Poet, musician and folklorist (b.1883, İstanbul – d. 3 February 1950,
Kırklareli). His real name was Abdülhavit Coşkunlu. He used Vahit as a pen
name. He was educated at Nuruosmaniye
the School for Orphans and the Ministry of War High School of Industry. He was
exiled to Dersim due to a disciplinary offense that he committed at the War Academy
(1905). He was appointed bandleader to the Elazığ Regiment when his musical
talents were discovered. The Governor of the Province of Sivas,
Akif Paşa, helped him collect examples of folkloric literature and music of the
region. He was invited to Moscow when he entered
and performed as second violinist in the Lepinski Orchestra for a while (1907).
After the declaration of the Constitutional Monarchy, he returned to İstanbul
(1908). After a while he went to Edirne.
Late, he was appointed correspondence clerk of Vaslilikoz, a town now in Bulgaria.
He returned to İstanbul when the Balkan Wars began (1912). Until the end of
World War I, he worked in several state offices in Edirne,
Kırklareli, Çanakkale, Trablusşam, Jerusalem
and İstanbul, and as a teacher. During the invasion of Thrace by the Greeks, He
was known as the “bearded dervish” by the people of Thrace as he traveled from
village to village with his long beard, black turban and carrying a staff. In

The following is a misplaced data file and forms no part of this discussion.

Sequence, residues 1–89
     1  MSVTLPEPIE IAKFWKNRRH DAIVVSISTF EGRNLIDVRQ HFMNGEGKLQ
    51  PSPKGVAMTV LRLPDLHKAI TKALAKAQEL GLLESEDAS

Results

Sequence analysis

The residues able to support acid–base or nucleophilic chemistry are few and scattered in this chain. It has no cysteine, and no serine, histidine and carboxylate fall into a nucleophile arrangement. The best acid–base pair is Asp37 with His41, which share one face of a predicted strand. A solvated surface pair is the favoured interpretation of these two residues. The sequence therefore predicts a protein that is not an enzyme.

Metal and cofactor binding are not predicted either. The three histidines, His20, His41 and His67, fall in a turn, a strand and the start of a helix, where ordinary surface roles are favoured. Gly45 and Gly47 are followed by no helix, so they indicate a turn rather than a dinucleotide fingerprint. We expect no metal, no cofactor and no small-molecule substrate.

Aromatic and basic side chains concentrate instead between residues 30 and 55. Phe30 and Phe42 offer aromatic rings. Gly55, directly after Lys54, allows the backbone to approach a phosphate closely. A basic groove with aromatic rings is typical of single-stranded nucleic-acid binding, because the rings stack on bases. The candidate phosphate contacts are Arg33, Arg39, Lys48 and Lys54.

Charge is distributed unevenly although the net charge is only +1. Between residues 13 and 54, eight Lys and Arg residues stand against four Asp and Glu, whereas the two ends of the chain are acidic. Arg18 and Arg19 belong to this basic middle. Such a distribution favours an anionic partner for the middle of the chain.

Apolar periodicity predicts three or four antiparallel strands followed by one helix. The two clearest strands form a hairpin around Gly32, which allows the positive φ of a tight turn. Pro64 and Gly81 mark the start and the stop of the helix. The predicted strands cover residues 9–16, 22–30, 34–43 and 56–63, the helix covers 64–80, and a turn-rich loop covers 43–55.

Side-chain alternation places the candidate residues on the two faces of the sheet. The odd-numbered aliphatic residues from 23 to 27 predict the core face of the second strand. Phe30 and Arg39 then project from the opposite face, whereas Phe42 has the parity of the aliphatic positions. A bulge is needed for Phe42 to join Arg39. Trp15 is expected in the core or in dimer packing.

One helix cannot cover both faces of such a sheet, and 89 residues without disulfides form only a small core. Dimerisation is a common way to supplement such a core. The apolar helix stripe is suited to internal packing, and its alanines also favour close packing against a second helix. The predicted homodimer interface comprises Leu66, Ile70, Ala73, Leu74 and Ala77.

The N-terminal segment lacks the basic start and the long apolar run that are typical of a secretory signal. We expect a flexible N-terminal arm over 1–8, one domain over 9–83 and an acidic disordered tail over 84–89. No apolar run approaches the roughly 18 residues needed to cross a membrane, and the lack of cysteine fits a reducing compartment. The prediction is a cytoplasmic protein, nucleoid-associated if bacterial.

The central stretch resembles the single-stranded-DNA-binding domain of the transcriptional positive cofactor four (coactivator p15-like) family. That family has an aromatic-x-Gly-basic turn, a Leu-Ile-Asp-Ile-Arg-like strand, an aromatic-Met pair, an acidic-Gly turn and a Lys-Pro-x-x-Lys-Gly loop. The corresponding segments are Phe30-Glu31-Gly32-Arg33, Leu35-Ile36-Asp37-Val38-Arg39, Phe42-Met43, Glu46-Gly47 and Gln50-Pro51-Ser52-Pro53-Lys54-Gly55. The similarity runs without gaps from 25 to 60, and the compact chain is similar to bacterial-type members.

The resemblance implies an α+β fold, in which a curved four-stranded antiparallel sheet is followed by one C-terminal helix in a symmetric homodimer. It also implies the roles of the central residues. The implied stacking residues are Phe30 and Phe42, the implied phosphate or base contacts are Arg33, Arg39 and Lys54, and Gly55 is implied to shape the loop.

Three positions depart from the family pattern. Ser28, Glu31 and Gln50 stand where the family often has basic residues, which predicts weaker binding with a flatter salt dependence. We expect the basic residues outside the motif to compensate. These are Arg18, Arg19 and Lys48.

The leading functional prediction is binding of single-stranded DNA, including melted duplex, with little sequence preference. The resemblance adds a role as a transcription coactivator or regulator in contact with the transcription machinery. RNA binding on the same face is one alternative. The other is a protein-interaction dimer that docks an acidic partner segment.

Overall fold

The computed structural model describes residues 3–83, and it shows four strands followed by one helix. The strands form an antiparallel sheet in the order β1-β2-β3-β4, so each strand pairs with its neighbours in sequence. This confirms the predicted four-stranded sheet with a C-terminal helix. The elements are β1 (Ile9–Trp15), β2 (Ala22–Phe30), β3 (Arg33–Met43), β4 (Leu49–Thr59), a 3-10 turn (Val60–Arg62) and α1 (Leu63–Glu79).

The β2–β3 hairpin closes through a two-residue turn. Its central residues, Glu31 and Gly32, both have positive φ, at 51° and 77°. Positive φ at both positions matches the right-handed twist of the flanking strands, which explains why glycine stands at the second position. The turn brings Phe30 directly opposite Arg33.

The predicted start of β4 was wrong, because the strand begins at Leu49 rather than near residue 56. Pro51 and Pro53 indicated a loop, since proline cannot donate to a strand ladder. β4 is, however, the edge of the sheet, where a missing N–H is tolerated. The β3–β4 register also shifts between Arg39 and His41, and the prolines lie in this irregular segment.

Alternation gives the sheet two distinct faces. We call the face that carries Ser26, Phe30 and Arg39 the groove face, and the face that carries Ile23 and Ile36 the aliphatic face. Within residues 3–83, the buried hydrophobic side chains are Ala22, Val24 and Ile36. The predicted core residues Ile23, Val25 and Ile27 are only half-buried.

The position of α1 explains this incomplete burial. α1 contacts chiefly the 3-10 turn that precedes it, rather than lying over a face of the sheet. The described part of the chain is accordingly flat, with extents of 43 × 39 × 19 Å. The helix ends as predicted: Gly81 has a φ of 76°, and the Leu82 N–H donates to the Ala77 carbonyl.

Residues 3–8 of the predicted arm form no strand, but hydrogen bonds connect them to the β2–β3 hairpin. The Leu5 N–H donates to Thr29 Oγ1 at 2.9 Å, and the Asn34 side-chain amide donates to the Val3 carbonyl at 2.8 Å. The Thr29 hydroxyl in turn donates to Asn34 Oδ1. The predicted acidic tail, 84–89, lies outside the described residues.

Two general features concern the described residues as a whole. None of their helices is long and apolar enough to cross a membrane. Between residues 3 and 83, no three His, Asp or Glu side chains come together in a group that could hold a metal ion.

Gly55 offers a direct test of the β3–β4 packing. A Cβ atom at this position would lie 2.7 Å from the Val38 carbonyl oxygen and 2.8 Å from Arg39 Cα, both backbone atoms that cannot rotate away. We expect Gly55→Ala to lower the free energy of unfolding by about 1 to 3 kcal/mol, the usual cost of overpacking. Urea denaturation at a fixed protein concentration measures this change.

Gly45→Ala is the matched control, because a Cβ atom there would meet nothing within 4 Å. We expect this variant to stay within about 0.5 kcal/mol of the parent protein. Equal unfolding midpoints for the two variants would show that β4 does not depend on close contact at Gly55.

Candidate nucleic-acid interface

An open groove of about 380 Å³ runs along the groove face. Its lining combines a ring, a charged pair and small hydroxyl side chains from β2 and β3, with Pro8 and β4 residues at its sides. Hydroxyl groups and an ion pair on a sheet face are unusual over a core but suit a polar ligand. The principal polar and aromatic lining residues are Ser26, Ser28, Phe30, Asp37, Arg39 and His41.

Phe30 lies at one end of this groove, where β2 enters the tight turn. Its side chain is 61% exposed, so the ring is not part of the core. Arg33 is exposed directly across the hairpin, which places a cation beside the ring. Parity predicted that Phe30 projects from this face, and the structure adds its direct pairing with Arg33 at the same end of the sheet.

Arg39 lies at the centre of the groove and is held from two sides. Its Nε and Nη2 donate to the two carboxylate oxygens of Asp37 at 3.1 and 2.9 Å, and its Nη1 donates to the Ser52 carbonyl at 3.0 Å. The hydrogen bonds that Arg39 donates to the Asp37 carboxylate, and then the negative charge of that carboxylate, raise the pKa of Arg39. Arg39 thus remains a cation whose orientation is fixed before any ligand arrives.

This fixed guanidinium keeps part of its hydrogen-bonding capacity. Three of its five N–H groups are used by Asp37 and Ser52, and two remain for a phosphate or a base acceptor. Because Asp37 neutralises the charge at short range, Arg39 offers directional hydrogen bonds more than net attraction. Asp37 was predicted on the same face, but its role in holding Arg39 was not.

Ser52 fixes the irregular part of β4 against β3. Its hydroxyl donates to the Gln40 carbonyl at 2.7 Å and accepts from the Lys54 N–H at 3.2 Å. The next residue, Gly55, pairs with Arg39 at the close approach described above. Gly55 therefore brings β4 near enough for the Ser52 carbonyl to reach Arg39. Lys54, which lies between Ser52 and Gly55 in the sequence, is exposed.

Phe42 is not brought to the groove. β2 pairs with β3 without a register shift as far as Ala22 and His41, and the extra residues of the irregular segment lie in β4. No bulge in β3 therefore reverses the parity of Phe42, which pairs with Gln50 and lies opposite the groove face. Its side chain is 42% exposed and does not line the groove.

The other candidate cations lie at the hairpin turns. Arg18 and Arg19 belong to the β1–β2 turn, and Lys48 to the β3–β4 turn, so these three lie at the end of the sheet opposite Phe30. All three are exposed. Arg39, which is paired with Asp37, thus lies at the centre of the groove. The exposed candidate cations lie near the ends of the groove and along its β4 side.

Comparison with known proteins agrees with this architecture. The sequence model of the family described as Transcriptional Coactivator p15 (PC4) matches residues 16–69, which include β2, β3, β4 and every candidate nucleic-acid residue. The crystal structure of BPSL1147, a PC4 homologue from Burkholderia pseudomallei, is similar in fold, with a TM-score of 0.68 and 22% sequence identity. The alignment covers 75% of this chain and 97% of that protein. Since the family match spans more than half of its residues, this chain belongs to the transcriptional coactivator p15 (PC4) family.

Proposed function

1948, he retired from his job as census clerk in Yoğuntaş (Polos) in
His belonged to the Bektashi dervish sect and his research on Alewi
poets influenced his own poetry. His poems were popular with the general public
rather than the literary world, especially in Thrace where they were passed from
word of mouth. He tried to use a simple Turkish but he also wrote in the style
of Divan* literature in order to show that he could use prosodic meter. It was
the books and articles that he published on the poetry and music of the Alewi
and Bektashi dervish orders, which made him well known. His articles on
folkloric poetry and music that were published in the reviews and newspapers, Varlık, Karabük, Türk Folklor
Araştırmaları, Karaelmas, Ülkü, Altıok, Halkbilgisi Haberleri, Bartın,
Yeşilyurt have been invaluable due to their authenticity. He had been the
first researcher of a “secret” subject by compiling information about Bektashi
culture in relation to literature and music. His articles “ To Secret
Folkloric Music”, which were published in the reviews, Genç Amatör, Müzik ve Sanat Hareketleri, Ülkü, Millî Mecmua, Folklor
Postası aroused great interest. His research titled, Trakya'da Türk Kabileleri (Turkish Clans in Thrace), Türk Alevî Kadın Şairleri (Turkish-Alewi Women Poets), Bektaşî Nefesleri ve Notaları (Bektashi
poems and notes), eight stories and one play have not been published.
MEMOIR: Feryad-ı İstibdat (Cry
to Tyranny, 1910).
POETRY: Saz Şairleri Gibi... (Like
Poets with Stringed Instruments, 1940),
Benim Gibi (Like Me, 1945).
PLAY: Hafiye Darbesi yahut Bir
Kızın İntikamı (The Shock of a Secret Agent or Revenge of a Girl, 1911).
RESEARCH: Gizli Türk Halk Musikisi
ve Türk Musikisinde Armoni Meseleleri (Secret Turkish Folkloric Music and
the Issue of Harmony in Turkish Music, 1940), Gizil Türk Dini Oyunları (Potential Turkish Religious Tricks, 1941).